Microsoft Warns Office 365 Users of 'Sneaky' Phishing Campaign


Microsoft's Security Intelligence staff has issued an alert to Office 365 users and administrators to watch out for a sneaky phishing email with fake sender addresses.

Researchers at Microsoft noticed an active campaign targeting Office 365 organizations with cogent emails and several strategies to evade phishing detection, including an Office 365 phishing page, Google cloud web app hosting, and an exploited SharePoint site that entices victims to write in their credentials.

“An active phishing campaign is using a crafty combination of legitimate-looking original sender email addresses, spoofed display sender addresses that contain the target usernames and domains, and display names that mimic legitimate services to try and slip through email filters," the Microsoft Security Intelligence team said in an update. 

“The original sender addresses contain variations of the word "referral" and use various top-level domains, including the domain com[.]com, popularly used by phishing campaigns for spoofing and typo-squatting.”

The fraudsters are using Microsoft SharePoint in the display name to tempt victims to click the link. Researchers identified phishing emails that seemed as if they were sent from a trusted source. Many of these emails contained a "file share" request to access bogus "Staff Reports", "Bonuses", "Pricebooks", and other content hosted in a supposed Excel spreadsheet. It also contained a link that navigates to the phishing page and plenty of Microsoft branding.

“The emails contain two URLs that have malformed HTTP headers. The primary phishing URL is a Google storage resource that points to an AppSpot domain that requires the user to sign in before finally serving another Google User Content domain with an Office 365 phishing page,” Microsoft notes.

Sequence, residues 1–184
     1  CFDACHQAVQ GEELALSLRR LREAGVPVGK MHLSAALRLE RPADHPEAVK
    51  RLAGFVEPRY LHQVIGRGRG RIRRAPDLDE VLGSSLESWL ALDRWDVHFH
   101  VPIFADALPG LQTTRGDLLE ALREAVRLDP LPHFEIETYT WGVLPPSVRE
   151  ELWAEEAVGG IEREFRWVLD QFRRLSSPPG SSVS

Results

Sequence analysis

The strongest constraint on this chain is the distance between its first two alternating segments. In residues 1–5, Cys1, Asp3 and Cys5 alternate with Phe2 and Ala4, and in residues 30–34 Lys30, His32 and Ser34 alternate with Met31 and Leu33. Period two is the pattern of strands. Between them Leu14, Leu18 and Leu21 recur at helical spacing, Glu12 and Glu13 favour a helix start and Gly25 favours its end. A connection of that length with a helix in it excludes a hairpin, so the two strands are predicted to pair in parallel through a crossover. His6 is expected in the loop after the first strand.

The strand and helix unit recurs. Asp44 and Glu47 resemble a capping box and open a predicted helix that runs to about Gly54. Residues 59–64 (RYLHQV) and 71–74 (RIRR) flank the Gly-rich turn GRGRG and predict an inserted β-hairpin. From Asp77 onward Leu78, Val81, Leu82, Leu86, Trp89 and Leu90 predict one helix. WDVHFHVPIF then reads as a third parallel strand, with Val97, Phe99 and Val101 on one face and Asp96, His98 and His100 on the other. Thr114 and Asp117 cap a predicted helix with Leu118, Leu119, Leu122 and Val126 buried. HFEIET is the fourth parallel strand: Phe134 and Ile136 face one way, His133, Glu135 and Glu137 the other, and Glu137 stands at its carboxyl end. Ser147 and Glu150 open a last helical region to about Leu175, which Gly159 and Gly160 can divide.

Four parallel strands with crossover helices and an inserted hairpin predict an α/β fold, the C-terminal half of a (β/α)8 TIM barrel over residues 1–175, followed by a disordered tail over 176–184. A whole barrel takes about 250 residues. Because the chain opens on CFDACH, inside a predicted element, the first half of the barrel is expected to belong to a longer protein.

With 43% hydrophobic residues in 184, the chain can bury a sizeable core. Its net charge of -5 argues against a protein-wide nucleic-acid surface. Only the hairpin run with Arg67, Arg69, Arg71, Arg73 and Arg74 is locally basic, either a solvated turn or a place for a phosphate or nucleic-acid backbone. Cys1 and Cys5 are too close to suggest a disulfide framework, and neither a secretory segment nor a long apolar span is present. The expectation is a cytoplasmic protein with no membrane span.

Phishing campaigns have skyrocketed with the emergence of remote jobs due to Covid-19. It continues to be a tricky issue for businesses to stamp out, requiring regularly updated phishing awareness training and technical solutions, like multi-factor authentication on all accounts – which both Microsoft and CISA highly recommend. 

According to the FBI's latest figures, phishing attacks have cost Americans more than $4.2 billion last year. Fraudsters employ business email compromise (BEC) attacks, which rely on compromised email accounts or email addresses that are similar to legitimate ones, and are difficult to filter as they blend within normal, expected traffic. BEC attacks are far more costly than high-profile ransomware attacks.

Researchers at Microsoft have published details on GitHub regarding the architectures connected to the spoofed emails mimicking SharePoint and other products for credential phishing. "The operator is also known to use legitimate URL infrastructure such as Google, Microsoft, and Digital Ocean to host their phishing pages," Microsoft added.